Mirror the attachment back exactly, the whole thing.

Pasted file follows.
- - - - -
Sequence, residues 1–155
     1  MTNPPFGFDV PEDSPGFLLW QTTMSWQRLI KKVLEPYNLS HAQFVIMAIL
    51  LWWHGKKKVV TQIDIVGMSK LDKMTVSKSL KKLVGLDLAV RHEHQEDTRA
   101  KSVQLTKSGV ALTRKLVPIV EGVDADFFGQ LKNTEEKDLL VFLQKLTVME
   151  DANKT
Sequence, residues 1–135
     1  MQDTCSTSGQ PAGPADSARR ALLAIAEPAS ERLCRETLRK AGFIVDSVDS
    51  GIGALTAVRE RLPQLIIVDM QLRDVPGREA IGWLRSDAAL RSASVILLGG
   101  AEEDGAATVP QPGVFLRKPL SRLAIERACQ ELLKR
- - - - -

Sequence, residues 1–155
     1  MTNPPFGFDV PEDSPGFLLW QTTMSWQRLI KKVLEPYNLS HAQFVIMAIL
    51  LWWHGKKKVV TQIDIVGMSK LDKMTVSKSL KKLVGLDLAV RHEHQEDTRA
   101  KSVQLTKSGV ALTRKLVPIV EGVDADFFGQ LKNTEEKDLL VFLQKLTVME
   151  DANKT
Sequence, residues 1–135
     1  MQDTCSTSGQ PAGPADSARR ALLAIAEPAS ERLCRETLRK AGFIVDSVDS
    51  GIGALTAVRE RLPQLIIVDM QLRDVPGREA IGWLRSDAAL RSASVILLGG
   101  AEEDGAATVP QPGVFLRKPL SRLAIERACQ ELLKR